Seminar Abstract:A common misconception in astronomy is that part of the Moon remains continuously shadowed, popularized by legendary rock band Pink Floyd’s 1973 album, “Dark Side of the Moon.” Watching the Moon change phases confirms that, in fact, there is no dark side – all sides see the Sun at different times during the month. Yet, a peculiar feature of the lunar orbit produces shadows in craters at its poles, which have remained in darkness for billions of years. So, there really is a dark side of the Moon!What surprises lurk within the Moon’s perpetual shadows? Recent observations from orbiting spacecraft such as NASA’s Lunar Reconnaissance Orbiter and the Indian Chandrayaan-1 mission have revealed the presence of vast ice deposits, which may provide rocket fuel and drinking water for astronauts on future deep space missions. Scientific interest in these ice deposits is also high: they may record a billion-year history of comet impacts, solar wind, and perhaps even a short-lived lunar atmosphere produced by volcanic eruptions.In this presentation, Dr. Hayne will take us on a journey to the coldest, darkest reaches of our Solar System – the Moon’s permanently shadowed craters. Here, we will find remnants of the Moon’s violent past. We will also discuss LASP’s involvement in NASA’s upcoming lunar exploration program, including the recently announced Lunar Orbital Platform-Gateway, and CubeSat missions such as Lunar Flashlight. Published on September 18, 2018 Events Calendar Public Lectures Special Events Seminars for Scientists Magnetosphere Seminars Non-LASP Seminars Public Lectures The Real Dark Side of the Moon About Leadership Features & News Events & Seminars Speaker:Paul Hayne Date:Wednesday, Oct 03, 2018 Time:7:30 PM Location:LSTB-299 (1234 Innovation Drive) Publications CU Students at LASP Jobs LASP Tours Address & Directions Visitor Information Contact Acknowledgments Giving to LASP Scholarships and Fellowships LASP Staff Personnel Pages 2020-20212019-20202018-20192017-20182016-20172015–20162014–20152013-20142012-20132011-20122010-20112009-20102008-20092007-2008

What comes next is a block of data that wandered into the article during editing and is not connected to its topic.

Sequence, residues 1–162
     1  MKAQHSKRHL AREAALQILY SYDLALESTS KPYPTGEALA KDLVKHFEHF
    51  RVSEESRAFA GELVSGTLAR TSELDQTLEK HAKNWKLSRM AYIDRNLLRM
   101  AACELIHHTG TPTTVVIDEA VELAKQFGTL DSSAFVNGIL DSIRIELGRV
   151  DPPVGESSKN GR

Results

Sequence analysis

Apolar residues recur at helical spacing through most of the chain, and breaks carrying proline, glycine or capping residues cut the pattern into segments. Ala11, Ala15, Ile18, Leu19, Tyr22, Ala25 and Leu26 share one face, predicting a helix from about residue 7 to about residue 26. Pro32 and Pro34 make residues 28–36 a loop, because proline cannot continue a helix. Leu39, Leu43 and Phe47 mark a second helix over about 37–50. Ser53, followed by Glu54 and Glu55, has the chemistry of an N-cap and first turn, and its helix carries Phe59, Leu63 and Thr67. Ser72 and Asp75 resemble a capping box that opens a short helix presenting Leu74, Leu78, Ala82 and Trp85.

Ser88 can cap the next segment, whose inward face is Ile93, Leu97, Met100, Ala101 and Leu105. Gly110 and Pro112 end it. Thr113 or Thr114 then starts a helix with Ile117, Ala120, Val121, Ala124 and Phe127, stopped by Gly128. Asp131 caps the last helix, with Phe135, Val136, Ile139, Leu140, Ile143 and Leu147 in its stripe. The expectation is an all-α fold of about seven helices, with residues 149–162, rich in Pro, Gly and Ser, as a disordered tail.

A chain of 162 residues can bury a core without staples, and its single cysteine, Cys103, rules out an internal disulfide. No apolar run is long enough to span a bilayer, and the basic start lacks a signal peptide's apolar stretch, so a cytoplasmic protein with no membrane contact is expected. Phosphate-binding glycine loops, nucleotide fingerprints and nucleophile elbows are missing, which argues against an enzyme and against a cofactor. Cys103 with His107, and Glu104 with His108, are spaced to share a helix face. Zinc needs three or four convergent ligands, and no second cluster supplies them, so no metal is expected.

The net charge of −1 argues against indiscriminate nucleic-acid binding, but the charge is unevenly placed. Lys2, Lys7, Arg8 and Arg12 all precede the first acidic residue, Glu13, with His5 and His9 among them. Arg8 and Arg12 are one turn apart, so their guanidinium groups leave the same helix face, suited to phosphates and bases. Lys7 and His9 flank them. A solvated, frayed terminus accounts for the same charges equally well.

ReddIt By Editor – May 2, 2017 87 0 AdvertisementWinemaking and tasting at new St. Helena facilityNapa Valley, May 2017 —- Steve and Seanne Contursi, the founders and proprietors of Arrow&Branch, announce that Arrow&Branch will now be making wine and welcoming clients at the spectacular new Wheeler Farms Winery located in the heart of St. Helena on Zinfandel Lane as of May 1. “The historical property has been re-created and re-envisioned by the Araujo family as a state-of-the-art winery providing cutting edge technology and equipment. It is the perfect spot for making our limited production, distinctive handcrafted lots,” Contursi said, in making the announcement.Arrow&Branch will begin conducting private tastings at the newly open Wheeler Farms Winery Hospitality House. Each tasting will be hosted by the winery’s General Manager, Elizabeth Robertis. “We look forward to welcoming our clients to this beautiful new spot, not only to enjoy stunning views of vineyards and orchards on the Valley floor in St. Helena but of course also to indulge in our current releases,” Contursi adds.Visits will be scheduled for 90 minutes in one of the winery’s exclusive tasting areas and must be arranged by reservation only, in advance. The experience will include a walk through the 11.6 acres of handsome grounds which encompass Cabernet Sauvignon and Sauvignon Blanc vineyards, 80 olive trees, 21 heritage fruit trees, two bee hives, 13 raised beds for vegetables and a chicken coop housing heritage chickens. The tasting is priced at $125 per person and will include a taste of all four of Arrow&Branch’s current releases. Wheeler Farms is located at 588 Zinfandel Lane in St. Helena.Wheeler Farms Winery, the latest project from Bart and Daphne Araujo, was designed by architects Taylor Lombardo to express the agricultural history of the property. It includes a state of the art custom crush facility and an inviting hospitality space.Arrow&Branch’s current releases are 2013 Arrow&Branch Cabernet Sauvignon from Beckstoffer Dr. Crane Vineyard, 2016 Arrow&Branch Sauvignon Blanc, 2013 Cabernet Sauvignon “Black Label” and the Flagship 2013 Red Wine. The winery also offers The Arrow&Branch Society, with three tiers of membership and exclusive benefits. Founded in 2008 by Steve and Seanne Contursi, Arrow&Branch creates wines from small hand crafted lots of some of the best Napa Valley vineyards including the Contursis’ estate Cabernet Franc vineyard in Coombsville. The Contursis purchased the 3.5 acre estate vineyard in 2007 and added 1.5 contiguous acres in 2011. Jennifer Williams is the winemaker. Mike Wolf is the vineyard manager and farms the vineyards organically. Vineyard tours of the estate are available by appointment only.Arrow&Branch was chosen as the name for the Contursis’ winery as a reference to numismatics. Steve Contursi has been a professional numismatist since 1975 and specializes in historically significant, museum quality U.S. coins. Found on the reverse of most United States coinage is an eagle holding an olive branch and arrows in its talons. The Arrow&Branch name pays homage to both U.S. coinage and Americana.One of Arrow&Branch’s unusual distinguishing touches is that each wine’s label includes a favorite quote from Benjamin Franklin including Mind your business and Diligence is the mother of all good luck. “The true connection of Benjamin Franklin to Arrow&Branch is that he designed the first coin with a true Americana motif in 1776, known as the Continental Dollar. It’s on this coin that his famous quote “Mind Your Business” is prominently featured,” explains Contursi. “This is the motto of Arrow&Branch,” he adds.The conjoined spacing between “Arrow” and “Branch” and the ampersand are design elements of the wines’ labels.Advertisement TAGSArrow&BranchConsumerWheeler Farms Winery Home Industry News Releases Arrow&Branch Moves to Wheeler Farms WineryIndustry News ReleasesWine BusinessArrow&Branch Moves to Wheeler Farms Winery Share Email Pinterest Twitter Linkedin Facebook Previous articleAfternoon Brief, May 2Next articleThird Annual SF Cheese Fest Celebrates Local Cheesemakers and Cheese Lovers at “Melting Together” Editor